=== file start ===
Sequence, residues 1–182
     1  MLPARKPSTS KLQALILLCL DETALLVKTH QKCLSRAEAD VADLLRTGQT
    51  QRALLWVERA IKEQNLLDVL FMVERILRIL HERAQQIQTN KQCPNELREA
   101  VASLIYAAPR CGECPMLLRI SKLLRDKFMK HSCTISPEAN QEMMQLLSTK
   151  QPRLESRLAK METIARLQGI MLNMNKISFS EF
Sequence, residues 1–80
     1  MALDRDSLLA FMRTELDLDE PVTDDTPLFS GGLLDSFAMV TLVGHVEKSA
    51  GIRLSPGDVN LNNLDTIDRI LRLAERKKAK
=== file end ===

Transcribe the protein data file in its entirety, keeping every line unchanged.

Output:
Sequence, residues 1–182
     1  MLPARKPSTS KLQALILLCL DETALLVKTH QKCLSRAEAD VADLLRTGQT
    51  QRALLWVERA IKEQNLLDVL FMVERILRIL HERAQQIQTN KQCPNELREA
   101  VASLIYAAPR CGECPMLLRI SKLLRDKFMK HSCTISPEAN QEMMQLLSTK
   151  QPRLESRLAK METIARLQGI MLNMNKISFS EF
Sequence, residues 1–80
     1  MALDRDSLLA FMRTELDLDE PVTDDTPLFS GGLLDSFAMV TLVGHVEKSA
    51  GIRLSPGDVN LNNLDTIDRI LRLAERKKAK